Why you should care
Because there’s one peculiar story behind 200,000 tweets.
Comoros: the land of rare bats and even rarer lemurs. It’s a tiny African country, sandwiched between Madagascar and Mozambique in the Mozambique Channel, known primarily for its wildlife and unstable politics. “You can tell it’s been mismanaged from an agricultural perspective, a business perspective and a political perspective,” says Leslie Labruto, director of the Clinton Foundation’s Islands Energy Program. Fewer than 7 percent of its scant 700,000 citizens have internet access, according to the United Nations. But it still manages to tweet like a boss.
Comoros had the highest number of tweets per capita in all of Africa in 2015.
That’s more tweets than Barack Obama, Narendra Modi, David Cameron, Vladimir Putin, François Hollande and Justin Bieber combined.
This is most definitely not the Silicon Valley of Africa. But Comoros had a tweets-per-capita rate of 0.77, according to the continent-wide survey How Africa Tweets, published this year by Portland Communications. That’s much higher than 0.29 in South Africa, a country that’s far more connected to the web and 529 times more populous. Curiouser and curiouser. Then there’s the content. The 2015 tweets overwhelmingly promoted blockbuster-worthy conspiracy theories about government meddling and cyberstalking. The most popular hashtags focused on cyberwarfare, gangs and Raytheon, a major defense contractor. And here’s the kicker: They were largely in Japanese.
Could Comoros be a secret hub of cybercrime? Not that we know of. It definitely isn’t a military base. And as of now, the nation isn’t home to a single Japanese expat. So who’s to blame? Turns out the real culprit is a disgruntled ex-employee in Japan, who did not return multiple requests for comment. The Japanese man had been laid off from his job and took to the web to air his grievances. He tweeted nearly 200,000 times in a year, around half of those tweets geolocated in Comoros — targeted precisely because its online space was so unused. Squatting on an otherwise unused Twittersphere might seem as futile as raging against the corporate machine. But his strategy ultimately did garner him international attention and nearly 30,000 views on his Google+ profile. All the while, he had fewer than 600 followers on Twitter. Did it get him his job back? He did not respond to OZY’s request for comment, so we may never know. The Embassy of the Comoros to the U.S. said it was unaware of the situation and declined to comment further. (It did, however, seem amused.)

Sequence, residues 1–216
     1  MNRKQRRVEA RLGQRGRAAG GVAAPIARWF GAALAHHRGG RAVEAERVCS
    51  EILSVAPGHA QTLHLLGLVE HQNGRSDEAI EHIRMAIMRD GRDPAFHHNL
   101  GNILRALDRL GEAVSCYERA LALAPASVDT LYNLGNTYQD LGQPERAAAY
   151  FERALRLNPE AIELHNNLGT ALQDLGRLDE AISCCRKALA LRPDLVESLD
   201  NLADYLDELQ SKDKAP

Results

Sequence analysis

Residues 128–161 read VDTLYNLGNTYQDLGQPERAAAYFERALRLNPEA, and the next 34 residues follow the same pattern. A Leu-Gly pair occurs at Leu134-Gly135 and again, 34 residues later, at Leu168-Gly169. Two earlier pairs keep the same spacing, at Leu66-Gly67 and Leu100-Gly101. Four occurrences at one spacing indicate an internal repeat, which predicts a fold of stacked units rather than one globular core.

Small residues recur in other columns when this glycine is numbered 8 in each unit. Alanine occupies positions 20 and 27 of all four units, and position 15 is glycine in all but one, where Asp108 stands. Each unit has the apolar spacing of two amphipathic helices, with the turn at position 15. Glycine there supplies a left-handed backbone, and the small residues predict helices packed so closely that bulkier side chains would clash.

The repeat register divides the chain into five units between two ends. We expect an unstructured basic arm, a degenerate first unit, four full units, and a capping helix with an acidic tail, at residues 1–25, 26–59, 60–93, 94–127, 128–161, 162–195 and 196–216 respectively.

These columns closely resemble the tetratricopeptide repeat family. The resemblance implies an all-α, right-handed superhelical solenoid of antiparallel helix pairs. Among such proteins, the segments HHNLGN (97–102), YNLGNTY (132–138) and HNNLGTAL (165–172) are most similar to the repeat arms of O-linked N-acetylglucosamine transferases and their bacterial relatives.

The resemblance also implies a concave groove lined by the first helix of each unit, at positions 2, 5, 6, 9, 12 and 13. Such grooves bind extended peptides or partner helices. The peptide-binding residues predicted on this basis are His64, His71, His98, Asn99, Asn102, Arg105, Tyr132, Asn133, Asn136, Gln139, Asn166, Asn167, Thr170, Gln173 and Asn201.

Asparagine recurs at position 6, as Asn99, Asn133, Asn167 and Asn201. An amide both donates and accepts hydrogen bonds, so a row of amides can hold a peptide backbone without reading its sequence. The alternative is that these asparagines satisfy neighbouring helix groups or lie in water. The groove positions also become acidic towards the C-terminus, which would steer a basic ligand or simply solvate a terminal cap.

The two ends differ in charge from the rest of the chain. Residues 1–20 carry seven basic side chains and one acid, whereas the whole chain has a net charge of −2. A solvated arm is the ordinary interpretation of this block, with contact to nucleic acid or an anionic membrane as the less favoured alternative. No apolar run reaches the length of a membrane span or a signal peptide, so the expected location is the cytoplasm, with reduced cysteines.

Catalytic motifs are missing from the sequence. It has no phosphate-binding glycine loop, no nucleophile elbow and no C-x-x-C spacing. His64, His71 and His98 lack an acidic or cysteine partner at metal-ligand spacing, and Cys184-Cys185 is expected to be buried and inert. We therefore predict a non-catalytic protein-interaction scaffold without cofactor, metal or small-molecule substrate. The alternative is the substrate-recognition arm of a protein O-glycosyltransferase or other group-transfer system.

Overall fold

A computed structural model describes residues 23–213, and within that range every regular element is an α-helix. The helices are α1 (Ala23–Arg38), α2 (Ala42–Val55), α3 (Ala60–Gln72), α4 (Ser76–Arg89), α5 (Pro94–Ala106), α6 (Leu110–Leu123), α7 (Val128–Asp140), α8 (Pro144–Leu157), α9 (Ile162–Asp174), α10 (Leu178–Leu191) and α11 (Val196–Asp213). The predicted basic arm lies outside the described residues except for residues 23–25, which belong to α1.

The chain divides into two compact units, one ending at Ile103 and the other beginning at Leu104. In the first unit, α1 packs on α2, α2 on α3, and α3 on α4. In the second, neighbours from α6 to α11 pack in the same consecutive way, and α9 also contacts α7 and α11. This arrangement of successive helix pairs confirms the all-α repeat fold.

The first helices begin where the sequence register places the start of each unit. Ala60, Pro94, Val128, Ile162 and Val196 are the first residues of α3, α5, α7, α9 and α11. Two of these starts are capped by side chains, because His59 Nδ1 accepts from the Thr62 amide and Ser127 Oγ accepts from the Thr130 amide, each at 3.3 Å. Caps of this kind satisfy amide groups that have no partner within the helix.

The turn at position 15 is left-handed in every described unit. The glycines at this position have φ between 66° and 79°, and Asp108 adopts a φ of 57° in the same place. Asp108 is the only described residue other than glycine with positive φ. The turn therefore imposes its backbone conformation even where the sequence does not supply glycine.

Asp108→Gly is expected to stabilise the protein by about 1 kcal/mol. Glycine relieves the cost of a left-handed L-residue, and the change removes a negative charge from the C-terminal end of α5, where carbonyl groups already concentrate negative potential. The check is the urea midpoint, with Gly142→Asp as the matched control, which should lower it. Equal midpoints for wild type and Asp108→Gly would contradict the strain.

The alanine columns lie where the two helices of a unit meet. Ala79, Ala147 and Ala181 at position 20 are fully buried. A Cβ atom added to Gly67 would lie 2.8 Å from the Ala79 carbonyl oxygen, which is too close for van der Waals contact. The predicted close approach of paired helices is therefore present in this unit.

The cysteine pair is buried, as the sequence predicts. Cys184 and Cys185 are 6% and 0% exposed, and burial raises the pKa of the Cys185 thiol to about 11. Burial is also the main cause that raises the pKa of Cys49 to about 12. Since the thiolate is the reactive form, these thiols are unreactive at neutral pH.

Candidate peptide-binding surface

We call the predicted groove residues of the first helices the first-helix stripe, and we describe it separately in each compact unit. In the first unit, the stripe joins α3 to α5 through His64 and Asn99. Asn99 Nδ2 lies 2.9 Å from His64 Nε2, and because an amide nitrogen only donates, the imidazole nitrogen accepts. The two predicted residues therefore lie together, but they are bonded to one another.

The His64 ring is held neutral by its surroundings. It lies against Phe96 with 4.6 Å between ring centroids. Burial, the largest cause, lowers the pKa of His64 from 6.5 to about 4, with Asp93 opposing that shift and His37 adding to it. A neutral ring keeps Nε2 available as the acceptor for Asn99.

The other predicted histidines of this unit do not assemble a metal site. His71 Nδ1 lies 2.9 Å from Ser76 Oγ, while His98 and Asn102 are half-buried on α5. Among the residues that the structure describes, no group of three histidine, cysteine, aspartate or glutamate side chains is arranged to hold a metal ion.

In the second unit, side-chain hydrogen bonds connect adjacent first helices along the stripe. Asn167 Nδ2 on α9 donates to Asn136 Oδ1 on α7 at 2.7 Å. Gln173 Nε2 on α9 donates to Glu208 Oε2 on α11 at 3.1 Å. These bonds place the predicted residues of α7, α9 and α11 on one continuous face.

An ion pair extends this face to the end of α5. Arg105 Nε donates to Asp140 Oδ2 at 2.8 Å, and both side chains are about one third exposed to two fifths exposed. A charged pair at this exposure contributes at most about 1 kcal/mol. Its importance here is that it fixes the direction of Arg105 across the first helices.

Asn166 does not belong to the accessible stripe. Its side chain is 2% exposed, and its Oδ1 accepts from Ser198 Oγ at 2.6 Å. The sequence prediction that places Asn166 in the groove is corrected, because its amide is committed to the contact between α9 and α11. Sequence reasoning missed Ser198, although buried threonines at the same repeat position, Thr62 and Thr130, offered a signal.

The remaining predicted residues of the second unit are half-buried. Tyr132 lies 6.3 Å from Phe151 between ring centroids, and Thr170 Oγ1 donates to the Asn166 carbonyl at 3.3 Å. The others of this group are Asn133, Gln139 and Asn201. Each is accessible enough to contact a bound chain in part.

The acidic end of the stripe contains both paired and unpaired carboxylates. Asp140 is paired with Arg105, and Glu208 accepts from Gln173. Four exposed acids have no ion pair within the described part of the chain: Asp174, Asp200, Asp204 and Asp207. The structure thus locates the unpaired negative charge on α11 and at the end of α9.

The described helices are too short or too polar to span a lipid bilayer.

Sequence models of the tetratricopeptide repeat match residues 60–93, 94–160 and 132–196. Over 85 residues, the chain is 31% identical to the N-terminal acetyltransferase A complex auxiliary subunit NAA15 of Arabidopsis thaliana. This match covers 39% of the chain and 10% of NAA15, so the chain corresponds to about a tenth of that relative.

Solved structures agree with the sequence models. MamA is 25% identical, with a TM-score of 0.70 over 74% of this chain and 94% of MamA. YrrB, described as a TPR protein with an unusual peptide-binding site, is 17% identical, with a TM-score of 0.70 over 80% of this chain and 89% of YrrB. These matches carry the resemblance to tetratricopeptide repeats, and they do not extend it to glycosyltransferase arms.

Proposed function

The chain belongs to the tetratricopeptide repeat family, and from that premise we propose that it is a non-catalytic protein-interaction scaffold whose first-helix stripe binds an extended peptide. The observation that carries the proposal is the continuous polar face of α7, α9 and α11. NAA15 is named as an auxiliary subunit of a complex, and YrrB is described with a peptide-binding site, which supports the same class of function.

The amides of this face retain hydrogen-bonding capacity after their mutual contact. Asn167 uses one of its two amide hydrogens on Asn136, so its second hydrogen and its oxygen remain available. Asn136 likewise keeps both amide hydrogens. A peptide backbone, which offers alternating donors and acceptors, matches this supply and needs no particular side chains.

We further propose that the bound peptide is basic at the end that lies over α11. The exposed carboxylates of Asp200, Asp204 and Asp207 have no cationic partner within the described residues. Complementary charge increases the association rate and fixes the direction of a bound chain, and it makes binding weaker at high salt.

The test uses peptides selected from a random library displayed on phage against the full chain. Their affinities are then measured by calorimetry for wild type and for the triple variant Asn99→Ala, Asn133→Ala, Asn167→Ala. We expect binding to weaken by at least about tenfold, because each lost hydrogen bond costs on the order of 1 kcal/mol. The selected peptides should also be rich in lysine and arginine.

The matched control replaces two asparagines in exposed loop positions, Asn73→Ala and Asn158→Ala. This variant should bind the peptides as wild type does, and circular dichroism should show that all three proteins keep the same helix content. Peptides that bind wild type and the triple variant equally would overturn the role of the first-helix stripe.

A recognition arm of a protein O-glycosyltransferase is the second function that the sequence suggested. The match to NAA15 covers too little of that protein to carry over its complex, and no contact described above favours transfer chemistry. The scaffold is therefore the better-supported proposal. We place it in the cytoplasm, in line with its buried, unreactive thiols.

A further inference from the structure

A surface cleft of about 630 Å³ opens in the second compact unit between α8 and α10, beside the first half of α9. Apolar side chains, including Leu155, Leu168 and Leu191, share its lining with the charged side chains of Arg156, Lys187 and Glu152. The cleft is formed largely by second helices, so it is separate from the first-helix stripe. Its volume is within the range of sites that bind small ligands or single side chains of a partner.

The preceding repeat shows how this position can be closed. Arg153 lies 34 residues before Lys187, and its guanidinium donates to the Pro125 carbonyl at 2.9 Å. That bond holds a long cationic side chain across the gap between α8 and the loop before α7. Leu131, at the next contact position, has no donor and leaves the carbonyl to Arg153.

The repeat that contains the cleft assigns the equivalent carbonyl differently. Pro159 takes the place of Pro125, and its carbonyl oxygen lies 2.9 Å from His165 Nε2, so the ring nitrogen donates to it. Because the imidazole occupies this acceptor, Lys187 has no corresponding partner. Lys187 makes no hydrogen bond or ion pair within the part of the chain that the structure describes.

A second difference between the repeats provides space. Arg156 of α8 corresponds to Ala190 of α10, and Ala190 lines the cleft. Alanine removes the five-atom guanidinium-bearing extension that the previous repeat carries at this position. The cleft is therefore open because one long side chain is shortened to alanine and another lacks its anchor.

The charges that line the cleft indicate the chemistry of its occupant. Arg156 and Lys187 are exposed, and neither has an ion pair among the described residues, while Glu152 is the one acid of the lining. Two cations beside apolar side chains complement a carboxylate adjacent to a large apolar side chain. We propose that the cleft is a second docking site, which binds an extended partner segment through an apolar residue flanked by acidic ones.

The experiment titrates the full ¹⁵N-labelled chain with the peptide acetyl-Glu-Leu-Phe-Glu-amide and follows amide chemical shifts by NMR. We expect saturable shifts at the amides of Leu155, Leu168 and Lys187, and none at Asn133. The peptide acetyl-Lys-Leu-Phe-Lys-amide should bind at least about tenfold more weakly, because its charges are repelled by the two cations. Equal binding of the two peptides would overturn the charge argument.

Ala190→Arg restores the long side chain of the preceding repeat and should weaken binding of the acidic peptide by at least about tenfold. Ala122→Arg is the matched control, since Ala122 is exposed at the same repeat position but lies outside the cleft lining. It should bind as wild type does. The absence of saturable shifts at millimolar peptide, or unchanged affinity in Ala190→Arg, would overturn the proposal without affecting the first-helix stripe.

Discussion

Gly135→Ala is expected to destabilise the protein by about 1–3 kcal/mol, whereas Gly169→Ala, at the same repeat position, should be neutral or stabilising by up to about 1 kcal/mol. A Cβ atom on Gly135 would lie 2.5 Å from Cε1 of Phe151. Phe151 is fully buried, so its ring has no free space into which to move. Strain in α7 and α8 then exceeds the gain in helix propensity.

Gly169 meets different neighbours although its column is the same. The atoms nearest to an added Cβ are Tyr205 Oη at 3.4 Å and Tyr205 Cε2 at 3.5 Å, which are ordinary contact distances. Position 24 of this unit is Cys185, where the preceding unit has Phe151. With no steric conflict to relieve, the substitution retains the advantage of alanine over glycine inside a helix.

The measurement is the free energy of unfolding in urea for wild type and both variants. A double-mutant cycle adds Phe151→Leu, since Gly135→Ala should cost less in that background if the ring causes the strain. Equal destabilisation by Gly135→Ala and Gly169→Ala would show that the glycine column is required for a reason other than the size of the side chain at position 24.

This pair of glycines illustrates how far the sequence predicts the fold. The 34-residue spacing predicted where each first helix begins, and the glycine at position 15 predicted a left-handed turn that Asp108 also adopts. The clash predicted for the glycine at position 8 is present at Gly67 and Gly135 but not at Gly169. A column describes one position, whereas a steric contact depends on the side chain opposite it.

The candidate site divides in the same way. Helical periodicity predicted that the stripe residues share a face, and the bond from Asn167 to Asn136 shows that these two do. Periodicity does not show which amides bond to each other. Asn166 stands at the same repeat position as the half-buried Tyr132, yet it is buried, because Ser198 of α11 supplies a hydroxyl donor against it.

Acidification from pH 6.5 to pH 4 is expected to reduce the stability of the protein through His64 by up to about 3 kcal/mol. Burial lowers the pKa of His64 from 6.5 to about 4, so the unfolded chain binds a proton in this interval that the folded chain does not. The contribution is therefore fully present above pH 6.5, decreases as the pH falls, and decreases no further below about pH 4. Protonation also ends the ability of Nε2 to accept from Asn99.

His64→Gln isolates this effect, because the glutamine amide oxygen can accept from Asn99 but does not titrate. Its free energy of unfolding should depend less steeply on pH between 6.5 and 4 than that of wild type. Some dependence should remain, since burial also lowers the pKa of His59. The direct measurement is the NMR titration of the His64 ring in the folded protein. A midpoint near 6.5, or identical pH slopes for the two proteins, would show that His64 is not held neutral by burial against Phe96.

What we do know is, Tweeter X isn’t the only one scoping out vacant web spaces and taking them as a pulpit. The Portland Communications researchers found a surprisingly high number of Turkish, Korean, Chinese and Japanese tweets in the inactive Twitterverse of several African countries with little internet connectivity, including the Democratic Republic of Congo and Central African Republic. In Guinea-Bissau, for example, they found a slew of Japanese tweets promoting clubs in Hong Kong. “That was puzzling, because you’d think if you want people to go to your nightclub,” you’d try and target people in the vicinity, says Mae Dobbs, a researcher on the study. Her guess is that these accounts may have been banned as spam in their original countries, so they set up virtual private networks in countries where they could not only operate, but also try to be the No. 1 spammer. The picture isn’t limited to online trolls, though. In some instances, like for many of the Turkish tweets, the users appear to be real humans, as opposed to bots or spammers, who are suffering from a crackdown on social media and political dissent in their home countries and are forced to get creative to circumvent their governments’ reach.
But the prevalence of so-called Twitter-jacking in Africa doesn’t give a clear picture of how Africa really tweets. In 2015, there were 1.6 billion geolocated tweets in Africa. “Every single country had at least double-digit growth rates” in how many people were tweeting compared to the previous study in 2012, says Dobbs. And despite the spam-tastic tweets in Comoros, Africans were five times as likely as Americans and Brits to tweet political content in the same year.